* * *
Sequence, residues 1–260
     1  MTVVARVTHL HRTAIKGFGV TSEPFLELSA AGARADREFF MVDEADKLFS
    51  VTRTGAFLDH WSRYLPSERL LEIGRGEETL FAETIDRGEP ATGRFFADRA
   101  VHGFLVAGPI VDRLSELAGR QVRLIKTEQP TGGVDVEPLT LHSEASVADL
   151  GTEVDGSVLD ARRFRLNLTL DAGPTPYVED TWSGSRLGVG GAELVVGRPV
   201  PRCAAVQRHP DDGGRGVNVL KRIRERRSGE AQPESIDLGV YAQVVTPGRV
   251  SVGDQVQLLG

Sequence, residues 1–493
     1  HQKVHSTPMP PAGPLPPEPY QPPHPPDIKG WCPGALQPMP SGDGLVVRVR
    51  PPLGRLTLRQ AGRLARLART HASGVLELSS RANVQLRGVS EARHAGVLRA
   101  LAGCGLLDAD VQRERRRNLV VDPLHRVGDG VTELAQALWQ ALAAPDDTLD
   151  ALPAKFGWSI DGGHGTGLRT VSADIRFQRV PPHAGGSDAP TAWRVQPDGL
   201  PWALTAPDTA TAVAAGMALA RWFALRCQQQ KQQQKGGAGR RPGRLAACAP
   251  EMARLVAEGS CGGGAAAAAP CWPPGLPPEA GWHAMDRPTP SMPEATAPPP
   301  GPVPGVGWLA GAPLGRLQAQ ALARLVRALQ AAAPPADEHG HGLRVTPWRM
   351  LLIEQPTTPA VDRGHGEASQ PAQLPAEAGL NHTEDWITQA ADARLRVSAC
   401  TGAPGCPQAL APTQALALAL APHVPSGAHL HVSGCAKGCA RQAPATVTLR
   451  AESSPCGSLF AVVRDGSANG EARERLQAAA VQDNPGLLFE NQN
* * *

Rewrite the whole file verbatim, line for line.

Sequence, residues 1–260
     1  MTVVARVTHL HRTAIKGFGV TSEPFLELSA AGARADREFF MVDEADKLFS
    51  VTRTGAFLDH WSRYLPSERL LEIGRGEETL FAETIDRGEP ATGRFFADRA
   101  VHGFLVAGPI VDRLSELAGR QVRLIKTEQP TGGVDVEPLT LHSEASVADL
   151  GTEVDGSVLD ARRFRLNLTL DAGPTPYVED TWSGSRLGVG GAELVVGRPV
   201  PRCAAVQRHP DDGGRGVNVL KRIRERRSGE AQPESIDLGV YAQVVTPGRV
   251  SVGDQVQLLG

Sequence, residues 1–493
     1  HQKVHSTPMP PAGPLPPEPY QPPHPPDIKG WCPGALQPMP SGDGLVVRVR
    51  PPLGRLTLRQ AGRLARLART HASGVLELSS RANVQLRGVS EARHAGVLRA
   101  LAGCGLLDAD VQRERRRNLV VDPLHRVGDG VTELAQALWQ ALAAPDDTLD
   151  ALPAKFGWSI DGGHGTGLRT VSADIRFQRV PPHAGGSDAP TAWRVQPDGL
   201  PWALTAPDTA TAVAAGMALA RWFALRCQQQ KQQQKGGAGR RPGRLAACAP
   251  EMARLVAEGS CGGGAAAAAP CWPPGLPPEA GWHAMDRPTP SMPEATAPPP
   301  GPVPGVGWLA GAPLGRLQAQ ALARLVRALQ AAAPPADEHG HGLRVTPWRM
   351  LLIEQPTTPA VDRGHGEASQ PAQLPAEAGL NHTEDWITQA ADARLRVSAC
   401  TGAPGCPQAL APTQALALAL APHVPSGAHL HVSGCAKGCA RQAPATVTLR
   451  AESSPCGSLF AVVRDGSANG EARERLQAAA VQDNPGLLFE NQN